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      The Critical Role of the Staff Nurse in Antimicrobial Stewardship--Unrecognized, but Already There.

      Clinical infectious diseases : an official publication of the Infectious Diseases Society of America

      Oxford University Press (OUP)

      turnaround time, antibiotic resistance, antimicrobial stewardship, antimicrobial stewardship program, nursing

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          Abstract

          An essential participant in antimicrobial stewardship who has been unrecognized and underutilized is the "staff nurse." Although the role of staff nurses has not formally been recognized in guidelines for implementing and operating antimicrobial stewardship programs (ASPs) or defined in the medical literature, they have always performed numerous functions that are integral to successful antimicrobial stewardship. Nurses are antibiotic first responders, central communicators, coordinators of care, as well as 24-hour monitors of patient status, safety, and response to antibiotic therapy. An operational analysis of inpatient admissions evaluates these nursing stewardship activities and analyzes the potential benefits of nurses' formal education about, and inclusion into, ASPs.

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          Most cited references 30

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          Infectious Diseases Society of America and the Society for Healthcare Epidemiology of America guidelines for developing an institutional program to enhance antimicrobial stewardship.

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            The epidemic of antibiotic-resistant infections: a call to action for the medical community from the Infectious Diseases Society of America.

            The ongoing explosion of antibiotic-resistant infections continues to plague global and US health care. Meanwhile, an equally alarming decline has occurred in the research and development of new antibiotics to deal with the threat. In response to this microbial "perfect storm," in 2001, the federal Interagency Task Force on Antimicrobial Resistance released the "Action Plan to Combat Antimicrobial Resistance; Part 1: Domestic" to strengthen the response in the United States. The Infectious Diseases Society of America (IDSA) followed in 2004 with its own report, "Bad Bugs, No Drugs: As Antibiotic Discovery Stagnates, A Public Health Crisis Brews," which proposed incentives to reinvigorate pharmaceutical investment in antibiotic research and development. The IDSA's subsequent lobbying efforts led to the introduction of promising legislation in the 109 th US Congress (January 2005-December 2006). Unfortunately, the legislation was not enacted. During the 110 th Congress, the IDSA has continued to work with congressional leaders on promising legislation to address antibiotic-resistant infection. Nevertheless, despite intensive public relations and lobbying efforts, it remains unclear whether sufficiently robust legislation will be enacted. In the meantime, microbes continue to become more resistant, the antibiotic pipeline continues to diminish, and the majority of the public remains unaware of this critical situation. The result of insufficient federal funding; insufficient surveillance, prevention, and control; insufficient research and development activities; misguided regulation of antibiotics in agriculture and, in particular, for food animals; and insufficient overall coordination of US (and international) efforts could mean a literal return to the preantibiotic era for many types of infections. If we are to address the antimicrobial resistance crisis, a concerted, grassroots effort led by the medical community will be required.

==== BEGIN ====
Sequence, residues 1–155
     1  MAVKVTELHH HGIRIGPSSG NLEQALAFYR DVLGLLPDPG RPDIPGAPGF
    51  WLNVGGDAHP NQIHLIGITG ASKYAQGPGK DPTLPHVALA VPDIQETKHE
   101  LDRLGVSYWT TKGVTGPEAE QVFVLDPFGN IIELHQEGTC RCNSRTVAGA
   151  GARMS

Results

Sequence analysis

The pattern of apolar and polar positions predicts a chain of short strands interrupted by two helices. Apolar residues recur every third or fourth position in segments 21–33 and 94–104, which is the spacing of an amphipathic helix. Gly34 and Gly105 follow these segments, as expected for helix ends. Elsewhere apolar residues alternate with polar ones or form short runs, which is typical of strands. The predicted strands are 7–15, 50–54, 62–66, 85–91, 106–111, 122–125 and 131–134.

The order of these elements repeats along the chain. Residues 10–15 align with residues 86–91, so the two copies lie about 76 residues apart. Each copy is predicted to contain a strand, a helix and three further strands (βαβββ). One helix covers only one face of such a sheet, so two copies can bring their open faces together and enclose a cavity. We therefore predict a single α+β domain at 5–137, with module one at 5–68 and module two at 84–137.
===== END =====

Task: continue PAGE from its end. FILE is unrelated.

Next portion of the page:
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              Policy statement on antimicrobial stewardship by the Society for Healthcare Epidemiology of America (SHEA), the Infectious Diseases Society of America (IDSA), and the Pediatric Infectious Diseases Society (PIDS).

              Antimicrobial resistance has emerged as a significant healthcare quality and patient safety issue in the twenty-first century that, combined with a rapidly dwindling antimicrobial armamentarium, has resulted in a critical threat to the public health of the United States. Antimicrobial stewardship programs optimize antimicrobial use to achieve the best clinical outcomes while minimizing adverse events and limiting selective pressures that drive the emergence of resistance and may also reduce excessive costs attributable to suboptimal antimicrobial use. Therefore, antimicrobial stewardship must be a fiduciary responsibility for all healthcare institutions across the continuum of care. This position statement of the Society for Healthcare Epidemiology of America, the Infectious Diseases Society of America, and the Pediatric Infectious Diseases Society of America outlines recommendations for the mandatory implementation of antimicrobial stewardship throughout health care, suggests process and outcome measures to monitor these interventions, and addresses deficiencies in education and research in this field as well as the lack of accurate data on antimicrobial use in the United States.
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                Author and article information

                Journal
                26265496
                10.1093/cid/civ697

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